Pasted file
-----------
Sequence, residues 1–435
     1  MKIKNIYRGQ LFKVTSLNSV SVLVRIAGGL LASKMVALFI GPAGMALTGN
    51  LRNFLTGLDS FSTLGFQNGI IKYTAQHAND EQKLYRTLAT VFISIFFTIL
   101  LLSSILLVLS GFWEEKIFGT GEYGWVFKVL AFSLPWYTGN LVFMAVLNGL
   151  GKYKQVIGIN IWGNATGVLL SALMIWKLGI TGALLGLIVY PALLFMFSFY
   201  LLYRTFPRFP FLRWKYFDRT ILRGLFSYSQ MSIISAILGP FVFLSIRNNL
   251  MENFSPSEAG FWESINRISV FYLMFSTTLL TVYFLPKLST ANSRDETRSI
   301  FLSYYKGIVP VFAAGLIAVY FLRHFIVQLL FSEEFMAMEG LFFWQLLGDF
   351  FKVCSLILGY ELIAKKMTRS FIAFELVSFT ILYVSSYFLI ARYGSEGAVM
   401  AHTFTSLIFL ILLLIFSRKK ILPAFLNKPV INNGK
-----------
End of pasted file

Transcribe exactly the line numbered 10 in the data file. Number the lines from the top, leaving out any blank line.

   401  AHTFTSLIFL ILLLIFSRKK ILPAFLNKPV INNGK